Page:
When asked about the criticism that the funds allocated under the CBSI—US$45 million in the first year, and $77 million in the second year—are insufficient for the region, Reynoso noted that the security concerns in the region are not as “dramatic” as they were a decade ago—a state of affairs she credited to US investment in the region over the last two decades. Trafficking, she said, has actually decreased and it is now concentrated in Central America. “…So, although there might be countries seeing an increase in violence, it is not all drug-related, [and] the violence numbers are nowhere near the type of violence numbers we see in Central America and in Mexico,” she explained, while adding that the regional partnership is intended to be “preventive” rather than “reactive”.

“…We are trying to make sure the Caribbean has institutions in place to combat in any increase of drug-related activity,” Reynoso said. “What we are trying to do with the Caribbean is to nip this in the bud; nip in the bud any potential for organised crime and other form of criminal activity before it gets to record highs or it becomes critical like we are seeing in Central America and in Mexico and how we saw it in the Colombia in the 90s,” she added.

In addition to questions about the levels of funding to the region, there has also been criticism, including from the PPP/C administration, about the US’s lack of attention to reducing demand and its unwillingness to review its policy on the deportation of Caribbean-born US residents. The US has been focusing on demand reduction and noted that there has been a decrease, Reynoso said, while noting that in the past year over $1 billions was spent in this area and to fight organised crime elements that have ties to other organisations in the western hemisphere. Addressing assistance in the reintegration of deportees into the society, she added that it is part of the CBSI’s emphasis on rehabilitation and providing opportunities for persons who are at-risk, including young people who are vulnerable to gang involvement or individuals with a history of criminal activity. “We want to make sure that once they serve their time in prison, they are able to reintegrate in the society in a way in which they can contribute in a meaningful way,” she said.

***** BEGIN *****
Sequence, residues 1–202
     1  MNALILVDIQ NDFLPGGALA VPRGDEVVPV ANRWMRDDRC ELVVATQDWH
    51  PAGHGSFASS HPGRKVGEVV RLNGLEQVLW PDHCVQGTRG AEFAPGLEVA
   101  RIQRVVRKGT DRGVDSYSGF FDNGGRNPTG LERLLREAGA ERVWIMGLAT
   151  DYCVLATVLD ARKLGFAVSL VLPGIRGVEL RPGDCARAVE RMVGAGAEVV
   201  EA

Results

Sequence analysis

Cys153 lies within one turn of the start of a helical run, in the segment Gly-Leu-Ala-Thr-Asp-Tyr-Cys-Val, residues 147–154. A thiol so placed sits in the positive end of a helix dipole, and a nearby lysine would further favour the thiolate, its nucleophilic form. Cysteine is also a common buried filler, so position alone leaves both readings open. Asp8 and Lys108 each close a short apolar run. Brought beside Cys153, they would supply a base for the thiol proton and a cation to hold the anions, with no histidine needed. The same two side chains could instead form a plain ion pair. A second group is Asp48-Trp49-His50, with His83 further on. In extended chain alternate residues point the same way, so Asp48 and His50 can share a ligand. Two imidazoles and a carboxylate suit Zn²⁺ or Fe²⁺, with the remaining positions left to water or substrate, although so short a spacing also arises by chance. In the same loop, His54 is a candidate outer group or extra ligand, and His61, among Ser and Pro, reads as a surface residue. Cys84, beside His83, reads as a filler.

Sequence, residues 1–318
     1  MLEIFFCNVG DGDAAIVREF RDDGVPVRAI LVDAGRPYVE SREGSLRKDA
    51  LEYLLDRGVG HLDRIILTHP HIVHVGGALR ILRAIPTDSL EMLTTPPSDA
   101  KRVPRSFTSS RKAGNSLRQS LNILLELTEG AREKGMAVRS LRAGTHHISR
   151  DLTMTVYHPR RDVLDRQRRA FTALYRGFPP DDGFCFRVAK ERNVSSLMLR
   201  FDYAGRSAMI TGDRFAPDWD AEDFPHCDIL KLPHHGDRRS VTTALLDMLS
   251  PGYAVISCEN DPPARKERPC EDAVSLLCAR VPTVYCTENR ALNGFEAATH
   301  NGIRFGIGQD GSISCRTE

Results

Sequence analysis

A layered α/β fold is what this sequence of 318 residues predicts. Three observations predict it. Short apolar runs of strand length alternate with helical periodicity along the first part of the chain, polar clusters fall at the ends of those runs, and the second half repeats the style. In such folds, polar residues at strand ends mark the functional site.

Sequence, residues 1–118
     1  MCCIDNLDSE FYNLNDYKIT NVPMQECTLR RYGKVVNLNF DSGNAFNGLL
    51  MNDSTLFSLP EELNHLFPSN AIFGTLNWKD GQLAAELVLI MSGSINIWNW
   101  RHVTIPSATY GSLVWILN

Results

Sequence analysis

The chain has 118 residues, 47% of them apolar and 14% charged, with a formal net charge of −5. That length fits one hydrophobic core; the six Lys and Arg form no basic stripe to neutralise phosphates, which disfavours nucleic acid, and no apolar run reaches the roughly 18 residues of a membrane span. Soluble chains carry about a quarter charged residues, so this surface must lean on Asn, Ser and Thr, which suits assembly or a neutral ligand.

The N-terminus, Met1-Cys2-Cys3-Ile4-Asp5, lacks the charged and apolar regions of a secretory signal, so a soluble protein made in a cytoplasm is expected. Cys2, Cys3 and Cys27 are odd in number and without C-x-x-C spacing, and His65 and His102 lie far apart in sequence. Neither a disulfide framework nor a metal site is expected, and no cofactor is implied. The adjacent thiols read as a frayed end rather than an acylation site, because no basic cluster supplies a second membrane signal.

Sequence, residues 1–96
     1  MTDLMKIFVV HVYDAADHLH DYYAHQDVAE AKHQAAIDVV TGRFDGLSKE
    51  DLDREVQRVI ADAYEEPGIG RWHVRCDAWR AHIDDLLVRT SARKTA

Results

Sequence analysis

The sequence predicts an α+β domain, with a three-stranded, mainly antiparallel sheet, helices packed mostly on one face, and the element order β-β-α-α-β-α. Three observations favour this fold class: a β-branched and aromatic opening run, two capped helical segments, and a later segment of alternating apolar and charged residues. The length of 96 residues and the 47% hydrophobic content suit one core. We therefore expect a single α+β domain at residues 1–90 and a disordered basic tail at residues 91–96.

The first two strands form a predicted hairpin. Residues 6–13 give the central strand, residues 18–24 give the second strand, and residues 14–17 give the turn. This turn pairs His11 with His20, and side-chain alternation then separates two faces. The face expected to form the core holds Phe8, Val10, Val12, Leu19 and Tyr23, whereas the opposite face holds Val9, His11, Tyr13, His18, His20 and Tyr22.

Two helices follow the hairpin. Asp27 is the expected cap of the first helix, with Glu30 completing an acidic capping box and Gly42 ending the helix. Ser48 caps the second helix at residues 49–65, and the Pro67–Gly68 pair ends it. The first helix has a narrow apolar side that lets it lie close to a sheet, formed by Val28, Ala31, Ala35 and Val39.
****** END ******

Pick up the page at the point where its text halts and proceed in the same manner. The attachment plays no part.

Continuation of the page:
Concerns about assistance in resettling Caribbean-born US deportees is tied to brain drain in the region, which has lost human resources to the US and other developed nations. Reynoso suggested that the Caribbean Idea Marketplace (CIM) initiative, launched in June by US Secretary of State Hillary Clinton, would address this situation. The CIM is aimed at attracting US and globally-based Caribbean Diaspora entrepreneurs to develop and expand innovative projects in the region that will generate employment and economic growth.

Reynoso explained that from November, Caribbean nationals in the Diaspora could apply to receive funding for entrepreneurial projects in order to generate development and employment for people in the region.

“It’s an effort to bring those most talented folks who have left places like Guyana back home or back to their parents’ home and do some innovative projects here and bring some of their talents and skills-sets back into the country,” she said. She added that the initiative is based on a similar one in Africa that sought to attract investment primarily from African-descended persons based in the US.

“We think we can copy that in a more successful way in the Caribbean,” she said, “There are small countries, smaller regions to try and target and the Diaspora in the United States primarily, of the  Caribbean, is so big that you could do a lot with a couple of good ideas.”